At Redtail, we like to use the data our devices produce to help our customers save money. If we can also help save the environment and reduce road accidents, that’s even better. We do what we can to help align economical driving and safer driving to save money and our planet.
Road transport accounts for over 11% of our CO2 emissions!
If you can’t reduce the amount you drive, here is some advice from Redtail’s engineers on how to lower your contribution to those emissions.
The force (and therefore the fuel) needed to propel a vehicle can be described by a very complex-looking formula.
Our engineers find this fascinating, but if equations like this don’t excite you, please keep reading. It’s not as complex as it seems as it can be broken down into 3 parts. The first part is largely about reducing weight, the second about driving more slowly and the third about braking and accelerating less.
Reducing unnecessary weight…
The first part of the equation accounts for about 35% of the fuel consumption in both urban and rural driving.
It is the energy needed to overcome the friction to move a vehicle’s wheels on the road. You can do two things to reduce this – eliminate unnecessary mass (reduce the M), (Do you have things in your boot you do not need?), secondly, ensure your tyres are at the correct pressure (reduce the ). (To reduce g you need to launch your car into space. This has been done recently but us a little impractical for most of us.)
Reducing speed and drag…
The second part of this equation accounts for about 57% of fuel consumption in rural driving and 24% in urban driving.
Put simply, it is the energy needed to push a vehicle through the air.
To reduce this, the most important thing is to reduce your speed (V). If you reduce your speed from 70 mph to 60mph, this will reduce the fuel used by 36%. You should also reduce the drag on your vehicle () – do you have a roof rack left over from your last holiday? – if so, removing it will reduce the fuel you use.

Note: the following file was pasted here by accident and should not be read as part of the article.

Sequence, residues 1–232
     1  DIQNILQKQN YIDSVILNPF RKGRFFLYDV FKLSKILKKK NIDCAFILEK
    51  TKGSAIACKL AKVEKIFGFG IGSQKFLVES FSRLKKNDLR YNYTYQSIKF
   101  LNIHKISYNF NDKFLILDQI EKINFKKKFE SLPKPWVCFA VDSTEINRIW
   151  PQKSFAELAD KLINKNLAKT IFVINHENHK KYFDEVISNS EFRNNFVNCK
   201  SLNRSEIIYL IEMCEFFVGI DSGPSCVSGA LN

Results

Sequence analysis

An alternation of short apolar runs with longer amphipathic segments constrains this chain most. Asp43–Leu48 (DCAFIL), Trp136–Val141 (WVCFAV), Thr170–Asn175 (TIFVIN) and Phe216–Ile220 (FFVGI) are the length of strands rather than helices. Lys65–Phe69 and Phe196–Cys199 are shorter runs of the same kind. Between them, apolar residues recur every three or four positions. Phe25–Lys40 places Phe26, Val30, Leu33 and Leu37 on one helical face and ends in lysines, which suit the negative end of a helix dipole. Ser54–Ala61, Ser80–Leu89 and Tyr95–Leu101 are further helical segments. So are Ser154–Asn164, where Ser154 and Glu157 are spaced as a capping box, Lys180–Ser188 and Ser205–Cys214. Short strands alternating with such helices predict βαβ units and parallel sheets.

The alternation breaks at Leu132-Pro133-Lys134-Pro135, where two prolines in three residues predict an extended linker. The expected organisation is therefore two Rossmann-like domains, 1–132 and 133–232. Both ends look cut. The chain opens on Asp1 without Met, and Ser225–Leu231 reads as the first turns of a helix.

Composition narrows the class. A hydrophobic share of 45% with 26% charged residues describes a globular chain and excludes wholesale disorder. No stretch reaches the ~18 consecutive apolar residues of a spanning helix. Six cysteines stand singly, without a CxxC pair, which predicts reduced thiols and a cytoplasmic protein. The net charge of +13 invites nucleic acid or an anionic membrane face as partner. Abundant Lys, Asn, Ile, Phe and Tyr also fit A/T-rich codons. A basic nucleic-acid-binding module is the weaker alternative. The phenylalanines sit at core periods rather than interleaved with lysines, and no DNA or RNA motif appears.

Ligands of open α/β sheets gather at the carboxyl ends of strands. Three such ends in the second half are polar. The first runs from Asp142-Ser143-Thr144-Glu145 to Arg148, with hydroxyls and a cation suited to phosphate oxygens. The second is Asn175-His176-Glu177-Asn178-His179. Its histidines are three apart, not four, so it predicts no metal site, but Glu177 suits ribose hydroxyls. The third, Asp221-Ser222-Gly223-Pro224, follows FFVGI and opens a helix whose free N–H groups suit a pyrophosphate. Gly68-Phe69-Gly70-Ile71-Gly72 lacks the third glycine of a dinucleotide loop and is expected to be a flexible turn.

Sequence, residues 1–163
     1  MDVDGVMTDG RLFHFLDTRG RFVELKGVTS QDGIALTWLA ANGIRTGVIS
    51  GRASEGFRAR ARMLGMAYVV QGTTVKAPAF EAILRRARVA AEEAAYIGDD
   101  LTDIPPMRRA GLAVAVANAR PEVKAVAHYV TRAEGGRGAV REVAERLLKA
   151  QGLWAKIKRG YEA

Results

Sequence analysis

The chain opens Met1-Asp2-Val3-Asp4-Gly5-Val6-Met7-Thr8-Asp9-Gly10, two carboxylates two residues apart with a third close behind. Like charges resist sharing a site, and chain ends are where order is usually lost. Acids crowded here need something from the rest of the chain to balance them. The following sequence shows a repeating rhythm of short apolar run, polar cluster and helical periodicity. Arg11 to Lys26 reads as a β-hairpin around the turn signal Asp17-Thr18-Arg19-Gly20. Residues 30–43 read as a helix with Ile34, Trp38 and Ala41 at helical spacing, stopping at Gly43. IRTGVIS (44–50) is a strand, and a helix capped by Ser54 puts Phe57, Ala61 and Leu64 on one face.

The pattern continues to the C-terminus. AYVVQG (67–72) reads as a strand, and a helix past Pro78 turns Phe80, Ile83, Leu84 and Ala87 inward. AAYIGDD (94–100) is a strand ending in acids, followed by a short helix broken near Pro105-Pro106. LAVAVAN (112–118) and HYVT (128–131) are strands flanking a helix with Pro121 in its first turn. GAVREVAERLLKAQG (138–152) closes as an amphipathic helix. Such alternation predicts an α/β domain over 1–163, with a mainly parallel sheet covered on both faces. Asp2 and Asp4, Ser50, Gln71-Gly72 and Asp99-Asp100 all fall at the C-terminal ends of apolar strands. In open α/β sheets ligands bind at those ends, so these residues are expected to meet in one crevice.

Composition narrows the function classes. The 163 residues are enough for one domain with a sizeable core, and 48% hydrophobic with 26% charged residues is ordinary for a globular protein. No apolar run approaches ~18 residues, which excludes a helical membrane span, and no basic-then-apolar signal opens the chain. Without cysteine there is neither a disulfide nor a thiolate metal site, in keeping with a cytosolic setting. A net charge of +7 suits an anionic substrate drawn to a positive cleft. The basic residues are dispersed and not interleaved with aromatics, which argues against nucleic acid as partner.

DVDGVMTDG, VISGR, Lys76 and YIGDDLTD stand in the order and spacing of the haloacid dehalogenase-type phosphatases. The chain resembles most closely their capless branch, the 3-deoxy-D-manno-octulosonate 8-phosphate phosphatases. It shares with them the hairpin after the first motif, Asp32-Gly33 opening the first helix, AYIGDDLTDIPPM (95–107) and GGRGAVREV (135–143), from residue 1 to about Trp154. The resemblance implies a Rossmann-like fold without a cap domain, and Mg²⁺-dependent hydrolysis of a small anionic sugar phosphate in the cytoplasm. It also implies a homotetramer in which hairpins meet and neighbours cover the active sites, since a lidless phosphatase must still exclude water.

Reducing speed is often easier said than done. Modern cars are quiet and it is easy to drive quickly without realising it. Redtail’s telematics devices can tell you where you have been driving faster than the average on a stretch of road, so you have an extra incentive to slow down.
Avoiding harsh braking and acceleration…
The final part of the equation describes the energy lost in braking and acceleration.
Most of it gets lost as heat when you brake. In urban driving, about 41% of energy is used in this way. It’s less important in rural driving but still accounts for 8% of fuel consumption.
Coincidentally, harsh braking and acceleration are related to safe driving. In millions of miles that have been tracked by Redtail’s devices, journeys with few incidents of harsh braking and acceleration are far less likely to end in a crash. Redtail’s driver scoring app can tell you where you accelerate and brake quickly and help you drive both more efficiently, more safely and save money.
In conclusion, I hope that this dip into the data science and engineering world of REDTAIL helps explain how we have an understanding that if you drive efficiently you are also driving safely. I hope that our understanding can in turn help your understanding – REDTAIL is a strong advocate of driver coaching within a UBI programme, personal or commercial lines – and perhaps even moderate your driver behaviours a little to benefit both your pocket, the environment and also road safety more widely. That’s how we think you being a more economical driver and a safer driving can help you save money and our planet!